How to Avoid Retirement Woes
If you’ve only just begun your career and are starting to collect a decent paycheck, the last thing on your mind is probably retirement planning. When you’re in your twenties and thirties, retirement can feel light years away, but it will get here much quicker than you can imagine. And when it does, you’ll want to be prepared.
*This content is developed from sources believed to be providing accurate information. The information provided is not written or intended as tax or legal advice and may not be relied on for purposes of avoiding any Federal tax penalties.
The American Institute of CPA’s (AICPA) recently published a list of personal finance trends that we should all be concerned about. These trends highlight the fact that almost 63 percent of Americans today are unable to pass a basic financial literacy test.
Here are the troubling trends, as well as some tips on how to avoid them:
There are many ways that we support our favorite charitable causes. However, one of the most beneficial ways to support a favorite charity now and into perpetuity is through planned giving.
We all have our own unique way of handling our finances. While some of us are natural born savers, others may have a hard time making it to the next paycheck. Fortunately, most of us fall somewhere in-between, putting away money at times, while making frivolous purchases at other times.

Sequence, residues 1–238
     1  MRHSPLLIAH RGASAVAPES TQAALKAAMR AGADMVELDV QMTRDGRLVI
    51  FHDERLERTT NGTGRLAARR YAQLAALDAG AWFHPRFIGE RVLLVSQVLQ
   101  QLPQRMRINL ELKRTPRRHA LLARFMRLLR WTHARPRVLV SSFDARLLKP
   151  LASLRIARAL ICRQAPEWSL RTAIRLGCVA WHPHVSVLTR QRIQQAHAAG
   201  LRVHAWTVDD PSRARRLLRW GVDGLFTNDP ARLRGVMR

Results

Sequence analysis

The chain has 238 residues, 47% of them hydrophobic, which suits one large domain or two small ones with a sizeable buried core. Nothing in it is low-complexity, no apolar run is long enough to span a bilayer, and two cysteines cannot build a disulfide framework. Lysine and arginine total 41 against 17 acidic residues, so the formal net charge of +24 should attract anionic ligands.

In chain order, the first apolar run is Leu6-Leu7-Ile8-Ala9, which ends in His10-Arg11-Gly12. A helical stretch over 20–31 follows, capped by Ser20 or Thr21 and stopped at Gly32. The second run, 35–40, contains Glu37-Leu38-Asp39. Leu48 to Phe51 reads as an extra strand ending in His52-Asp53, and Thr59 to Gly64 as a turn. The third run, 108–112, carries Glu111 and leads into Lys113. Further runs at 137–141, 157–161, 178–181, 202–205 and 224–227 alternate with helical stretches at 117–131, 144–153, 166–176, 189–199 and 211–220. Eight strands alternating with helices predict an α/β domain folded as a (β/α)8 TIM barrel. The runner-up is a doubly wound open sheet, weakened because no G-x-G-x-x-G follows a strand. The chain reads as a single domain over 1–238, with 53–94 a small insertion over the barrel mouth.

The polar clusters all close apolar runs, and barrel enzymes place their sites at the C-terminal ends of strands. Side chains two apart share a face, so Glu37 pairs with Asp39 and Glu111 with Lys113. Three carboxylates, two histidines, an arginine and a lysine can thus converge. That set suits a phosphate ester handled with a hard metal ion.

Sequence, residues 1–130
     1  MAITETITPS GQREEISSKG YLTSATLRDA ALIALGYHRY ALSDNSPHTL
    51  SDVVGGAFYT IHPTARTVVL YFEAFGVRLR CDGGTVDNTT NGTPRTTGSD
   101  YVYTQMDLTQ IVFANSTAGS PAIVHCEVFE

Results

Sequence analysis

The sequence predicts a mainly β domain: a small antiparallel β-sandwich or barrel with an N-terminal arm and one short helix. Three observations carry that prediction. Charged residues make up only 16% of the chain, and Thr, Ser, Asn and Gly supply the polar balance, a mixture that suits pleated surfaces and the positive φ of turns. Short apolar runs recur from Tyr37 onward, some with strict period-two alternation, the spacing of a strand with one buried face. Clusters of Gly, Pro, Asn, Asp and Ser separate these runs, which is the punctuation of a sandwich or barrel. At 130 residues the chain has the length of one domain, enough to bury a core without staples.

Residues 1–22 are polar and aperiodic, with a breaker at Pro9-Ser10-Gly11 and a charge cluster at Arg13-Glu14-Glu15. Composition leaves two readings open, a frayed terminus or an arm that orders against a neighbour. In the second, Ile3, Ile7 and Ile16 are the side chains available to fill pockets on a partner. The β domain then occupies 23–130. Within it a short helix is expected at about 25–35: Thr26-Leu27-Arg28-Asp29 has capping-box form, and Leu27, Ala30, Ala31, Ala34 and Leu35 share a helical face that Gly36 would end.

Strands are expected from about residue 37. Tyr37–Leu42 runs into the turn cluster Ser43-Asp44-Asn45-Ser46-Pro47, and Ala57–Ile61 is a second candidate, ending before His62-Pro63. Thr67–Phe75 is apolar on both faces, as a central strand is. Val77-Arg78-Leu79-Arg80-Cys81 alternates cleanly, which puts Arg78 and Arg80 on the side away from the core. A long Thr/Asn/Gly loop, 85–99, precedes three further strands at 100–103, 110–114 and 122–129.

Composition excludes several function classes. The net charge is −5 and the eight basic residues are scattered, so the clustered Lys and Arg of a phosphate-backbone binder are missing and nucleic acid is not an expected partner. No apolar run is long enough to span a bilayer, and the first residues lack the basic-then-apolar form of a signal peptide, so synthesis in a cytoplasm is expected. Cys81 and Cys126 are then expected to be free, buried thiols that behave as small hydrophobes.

If you’ve spent more than five minutes on a kid’s television network, you’ve seen just how inundated young kids are with commercials for everything from the latest gadget, to some dreadful snack that features something gooey and/or messy. It’s also safe to bet that many of these kids run to their parents, wanting to buy some or all of these items.
It’s certainly no secret that healthcare costs have escalated in recent years, and there’s no reason to believe that the end is in sight. But whether you have a comprehensive health insurance policy or have purchased a catastrophic policy, there are ways to save on healthcare costs.
Here are just a few:
In a recent survey by JumpStart Coalition for Financial Literacy, only 26 percent of those between the ages of 13-21 said that they had been taught how to manage money. Yet, when they turn 18, kids are signing contracts for student loans, opening credit card accounts, and in many instances, living away from home with little financial guidance available.
At the end of the month, do you often find yourself with a lot less money than you expected? Do you have a hard time determining exactly what you spent your money on? Do you feel that you should have more to show for your hard work than you currently do? Are you and your spouse or partner always fighting about money?